Chinese state-sponsored threat group Winnti compromised at least 13 organizations globally in 2021, spanning across multiple sectors, cybersecurity firm Group-IB says.
Also referred to as APT41, Barium, Blackfly, Double Dragon, Wicked Panda, and Wicked Spider, the Winnti group has been active since at least 2007, engaging in both cyberespionage operations and financially motivated attacks.
In September 2020, the US Department of Justice announced charges against five Chinese nationals believed to be part of the Winnti group, who allegedly launched attacks against over 100 organizations in the US and abroad.
Despite the indictment and numerous public reports detailing the group’s activities, the hackers continued their operations. In March 2022, Mandiant detailed the hacking of at least six US state government organizations between May 2021 and February 2022.
In a new report, Group-IB provides a broader perspective on the group’s activities throughout 2021: the hackers compromised at least 13 organizations, often targeting SQL injection vulnerabilities in web applications, but deploying a custom Cobalt Strike Beacon in each case.
Targets included airlines, consulting, education, finance, government, hospitality, healthcare, logistics, manufacturing, media, software, sports, telecommunications, and travel organizations in Bangladesh, Brunei, China, India, Indonesia, Ireland, Hong Kong, Mongolia, Thailand, Taiwan, Vietnam, the US, and the UK.
As part of these attacks, the threat actor performed reconnaissance using tools such as vulnerability scanners (Acunetix, JexBoss), network scanners (Nmap), and brute-forcing utilities (OneForAll, Sqlmap, subdomain3, subDomainsBrute, and Sublist3r). They also used fofa.su, a Chinese equivalent of shodan.io, for gathering information on open ports and running services.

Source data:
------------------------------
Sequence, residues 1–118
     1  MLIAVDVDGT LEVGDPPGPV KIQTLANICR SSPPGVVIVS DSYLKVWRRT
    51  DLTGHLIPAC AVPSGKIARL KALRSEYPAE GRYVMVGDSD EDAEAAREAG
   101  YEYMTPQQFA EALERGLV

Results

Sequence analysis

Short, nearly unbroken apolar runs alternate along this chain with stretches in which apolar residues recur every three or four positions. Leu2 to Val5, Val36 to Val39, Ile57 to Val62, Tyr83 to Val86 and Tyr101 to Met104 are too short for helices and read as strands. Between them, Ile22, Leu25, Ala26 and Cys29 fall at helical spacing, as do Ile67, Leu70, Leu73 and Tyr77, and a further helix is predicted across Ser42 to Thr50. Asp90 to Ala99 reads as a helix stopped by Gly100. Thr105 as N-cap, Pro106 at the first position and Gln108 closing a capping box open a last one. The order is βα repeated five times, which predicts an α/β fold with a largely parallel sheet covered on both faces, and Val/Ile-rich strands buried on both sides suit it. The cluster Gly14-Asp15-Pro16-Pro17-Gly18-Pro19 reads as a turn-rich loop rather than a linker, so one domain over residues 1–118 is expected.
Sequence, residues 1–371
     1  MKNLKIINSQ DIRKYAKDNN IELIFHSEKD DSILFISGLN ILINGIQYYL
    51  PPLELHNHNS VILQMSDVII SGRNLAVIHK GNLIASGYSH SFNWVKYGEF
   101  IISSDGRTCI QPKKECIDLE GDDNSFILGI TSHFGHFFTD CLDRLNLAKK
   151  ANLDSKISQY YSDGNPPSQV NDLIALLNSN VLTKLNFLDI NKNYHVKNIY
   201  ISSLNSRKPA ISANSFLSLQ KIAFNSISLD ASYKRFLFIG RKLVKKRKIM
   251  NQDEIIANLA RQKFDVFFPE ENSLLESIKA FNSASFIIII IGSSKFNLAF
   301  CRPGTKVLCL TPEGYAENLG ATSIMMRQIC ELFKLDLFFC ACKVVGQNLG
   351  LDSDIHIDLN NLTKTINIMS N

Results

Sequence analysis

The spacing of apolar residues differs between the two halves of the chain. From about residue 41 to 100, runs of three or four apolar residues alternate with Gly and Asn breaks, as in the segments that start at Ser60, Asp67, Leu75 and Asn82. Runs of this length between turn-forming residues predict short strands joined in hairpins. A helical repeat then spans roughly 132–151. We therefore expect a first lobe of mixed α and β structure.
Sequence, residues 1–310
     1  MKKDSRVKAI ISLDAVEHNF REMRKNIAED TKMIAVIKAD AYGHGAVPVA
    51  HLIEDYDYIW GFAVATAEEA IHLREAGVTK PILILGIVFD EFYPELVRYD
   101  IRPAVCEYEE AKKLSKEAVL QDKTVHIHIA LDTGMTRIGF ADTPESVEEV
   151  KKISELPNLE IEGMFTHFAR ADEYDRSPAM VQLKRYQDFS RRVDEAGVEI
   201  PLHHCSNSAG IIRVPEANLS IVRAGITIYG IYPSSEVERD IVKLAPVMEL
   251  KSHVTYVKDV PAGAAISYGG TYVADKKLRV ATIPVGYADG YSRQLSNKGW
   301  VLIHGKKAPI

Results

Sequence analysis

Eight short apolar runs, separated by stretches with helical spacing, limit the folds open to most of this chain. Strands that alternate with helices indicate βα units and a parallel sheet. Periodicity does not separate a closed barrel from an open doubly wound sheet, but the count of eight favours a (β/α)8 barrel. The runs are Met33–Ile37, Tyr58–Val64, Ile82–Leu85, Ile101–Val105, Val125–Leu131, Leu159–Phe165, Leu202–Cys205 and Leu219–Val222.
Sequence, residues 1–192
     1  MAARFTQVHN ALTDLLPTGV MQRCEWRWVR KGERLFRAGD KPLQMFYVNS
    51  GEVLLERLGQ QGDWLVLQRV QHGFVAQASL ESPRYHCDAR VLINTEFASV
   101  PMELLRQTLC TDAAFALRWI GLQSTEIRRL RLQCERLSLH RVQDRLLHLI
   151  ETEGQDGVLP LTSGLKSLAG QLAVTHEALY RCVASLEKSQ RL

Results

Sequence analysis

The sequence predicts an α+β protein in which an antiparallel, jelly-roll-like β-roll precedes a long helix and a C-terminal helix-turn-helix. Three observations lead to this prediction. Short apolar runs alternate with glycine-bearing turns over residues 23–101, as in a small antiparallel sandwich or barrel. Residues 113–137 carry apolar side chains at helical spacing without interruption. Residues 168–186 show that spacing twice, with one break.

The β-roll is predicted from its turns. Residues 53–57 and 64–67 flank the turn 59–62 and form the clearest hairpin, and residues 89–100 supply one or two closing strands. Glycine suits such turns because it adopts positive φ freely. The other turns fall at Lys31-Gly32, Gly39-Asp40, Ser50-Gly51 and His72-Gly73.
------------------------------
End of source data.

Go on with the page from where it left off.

The attackers performed SQL injections against 43 web applications (out of 86 they probed) to access the command shell of the targeted servers and gain command execution capabilities. Task Scheduler and Windows services were used to achieve persistence.
Group-IB grouped the observed activity into four malicious campaigns, based on the domain names that were used in each of them: ColunmTK, DelayLinkTK, Gentle-Voice, and Mute-Pond.
As part of most of the observed campaigns, the attackers used a Windows utility called Ntdsutil to obtain the ntds.dit file, which stores Active Directory data, including user credentials. The hackers were also observed mapping the victim’s network and performing lateral movement.
After gaining access to server configurations, backup data, and user data, the cyberspies proceeded to exfiltrate information of interest, but Group-IB believes that they “did not exfiltrate a large amount of confidential documents.”